EU powerbroker Sebastian Kurz has provided a much-needed boost to beleaguered Theresa May by urging British MPs to back the Brexit deal.
The Austrian chancellor and current chair of the European Council insisted that the agreement brokered this week is a “good deal for both sides.”
“Nobody has been cheated,” he told reporters as he arrived for meetings in Brussels.
“This deal prevents a hard Brexit. Therefore it helps us in Europe, but even more so it helps Britain because a hard Brexit would hit Britain significantly more severely.”
In a message to British MPs, he added: “I sincerely hope there will be some necessary support in the British parliament, that would lay the foundation for an orderly withdrawal.”
Kurz’s comments are part of a campaign by the EU to crush suggestions in London that a better deal could be negotiated.
German chancellor Angela Merkel said on Thursday that “there is no question of further bargaining.”
Her message was reiterated on Friday by Dutch prime minister Mark Rutte, who said “major changes seem unlikely.”
And a senior EU diplomat warned: “There is no plan B for us. If the British cabinet falls and we can’t call an EU summit to back the draft agreement or the Commons doesn’t ratify it, we enter into a serious crisis.”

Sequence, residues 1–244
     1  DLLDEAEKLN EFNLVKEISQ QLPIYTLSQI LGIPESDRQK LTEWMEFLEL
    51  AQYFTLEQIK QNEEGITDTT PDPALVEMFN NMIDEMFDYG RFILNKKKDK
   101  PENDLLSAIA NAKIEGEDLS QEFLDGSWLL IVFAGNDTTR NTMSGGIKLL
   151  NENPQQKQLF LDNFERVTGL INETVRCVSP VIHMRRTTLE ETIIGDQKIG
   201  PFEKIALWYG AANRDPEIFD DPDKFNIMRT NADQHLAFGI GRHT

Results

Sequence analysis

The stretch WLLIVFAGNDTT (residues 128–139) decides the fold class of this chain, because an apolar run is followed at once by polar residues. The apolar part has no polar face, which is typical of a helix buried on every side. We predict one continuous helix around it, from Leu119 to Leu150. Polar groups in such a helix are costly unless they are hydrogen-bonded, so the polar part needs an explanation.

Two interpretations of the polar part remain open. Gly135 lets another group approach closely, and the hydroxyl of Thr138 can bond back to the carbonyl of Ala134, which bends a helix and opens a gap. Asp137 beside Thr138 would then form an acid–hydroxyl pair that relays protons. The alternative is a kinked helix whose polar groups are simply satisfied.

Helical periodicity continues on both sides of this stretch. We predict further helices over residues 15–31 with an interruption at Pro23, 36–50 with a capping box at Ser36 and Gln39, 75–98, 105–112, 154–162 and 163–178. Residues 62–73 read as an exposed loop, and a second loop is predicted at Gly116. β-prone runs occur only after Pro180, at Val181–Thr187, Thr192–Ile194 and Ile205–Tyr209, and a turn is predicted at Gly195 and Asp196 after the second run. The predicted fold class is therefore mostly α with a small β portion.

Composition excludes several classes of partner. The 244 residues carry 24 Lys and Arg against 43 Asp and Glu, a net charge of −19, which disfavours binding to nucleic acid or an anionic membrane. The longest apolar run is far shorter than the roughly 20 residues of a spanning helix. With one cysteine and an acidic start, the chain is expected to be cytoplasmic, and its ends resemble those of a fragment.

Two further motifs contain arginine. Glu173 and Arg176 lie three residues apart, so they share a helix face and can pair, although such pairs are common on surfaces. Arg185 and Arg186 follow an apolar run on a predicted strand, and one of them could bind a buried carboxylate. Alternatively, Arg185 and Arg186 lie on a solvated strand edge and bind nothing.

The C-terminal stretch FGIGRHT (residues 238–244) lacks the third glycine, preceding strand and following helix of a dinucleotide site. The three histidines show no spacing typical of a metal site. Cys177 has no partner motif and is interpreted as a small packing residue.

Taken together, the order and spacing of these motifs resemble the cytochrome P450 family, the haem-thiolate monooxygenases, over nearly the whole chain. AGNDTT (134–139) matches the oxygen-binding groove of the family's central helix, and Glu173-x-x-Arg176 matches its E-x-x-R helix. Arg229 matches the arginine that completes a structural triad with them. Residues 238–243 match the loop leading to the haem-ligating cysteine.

But former Brexit secretary David Davis fought back against the idea that it’s this deal or no deal in an interview with the Today programme.
“Of course they want us to accept this dreadful deal,” he said. “A deal is very, very favourable to them so of course they’re going to say: ‘we’re not going to accept any changes.’”
The extent of the opposition to the deal in the Commons was laid bare during a three-hour debate with Theresa May on Thursday, during which the prime minister sustained attacks from her own benches as well as from the opposition.
Davis predicted that May will be forced to re-enter negotiations when the deal is voted down by MPs and said a no-deal Brexit would be “much better” than the current deal.
The EU is pressing ahead with preparations for a summit to sign-off the current deal next Sunday despite the perilous position it is now in.
Representatives of the EU27 held a two-and-a-half-hour discussion over the deal with EU chief negotiator Michel Barnier on Friday.
Ministers from each member state will then meet in Brussels on Monday for a political level discussion, but no objections are expected to be made.
France has parked its concerns over fishing rights in order to get the Withdrawal Agreement over the line.
One diplomat said: “Fish is an issue but I guess it will be addressed in the political declaration. On the European side, I don’t see any roadblocks ahead.”
UK and EU negotiators are meeting again over the weekend in a bid to finalise the political declaration, which is due to be published next Tuesday.
Speaking as he left Friday’s meeting with ambassadors, Barnier said of the deal: “It’s an ongoing process.”